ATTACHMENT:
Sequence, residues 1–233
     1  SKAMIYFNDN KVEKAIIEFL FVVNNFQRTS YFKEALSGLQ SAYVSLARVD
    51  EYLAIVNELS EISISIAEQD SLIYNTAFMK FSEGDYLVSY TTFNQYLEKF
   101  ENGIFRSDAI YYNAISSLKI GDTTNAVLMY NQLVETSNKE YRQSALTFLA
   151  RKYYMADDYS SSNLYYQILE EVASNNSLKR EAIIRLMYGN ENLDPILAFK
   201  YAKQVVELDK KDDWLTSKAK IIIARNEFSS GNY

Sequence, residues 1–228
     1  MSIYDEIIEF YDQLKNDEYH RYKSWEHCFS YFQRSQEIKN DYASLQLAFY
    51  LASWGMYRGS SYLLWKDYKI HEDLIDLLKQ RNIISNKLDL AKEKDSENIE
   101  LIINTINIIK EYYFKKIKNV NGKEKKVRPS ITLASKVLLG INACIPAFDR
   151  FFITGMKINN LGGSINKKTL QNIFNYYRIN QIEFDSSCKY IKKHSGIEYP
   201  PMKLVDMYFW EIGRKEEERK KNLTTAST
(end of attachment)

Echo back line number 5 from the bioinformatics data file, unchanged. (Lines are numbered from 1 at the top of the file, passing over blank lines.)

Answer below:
   151  RKYYMADDYS SSNLYYQILE EVASNNSLKR EAIIRLMYGN ENLDPILAFK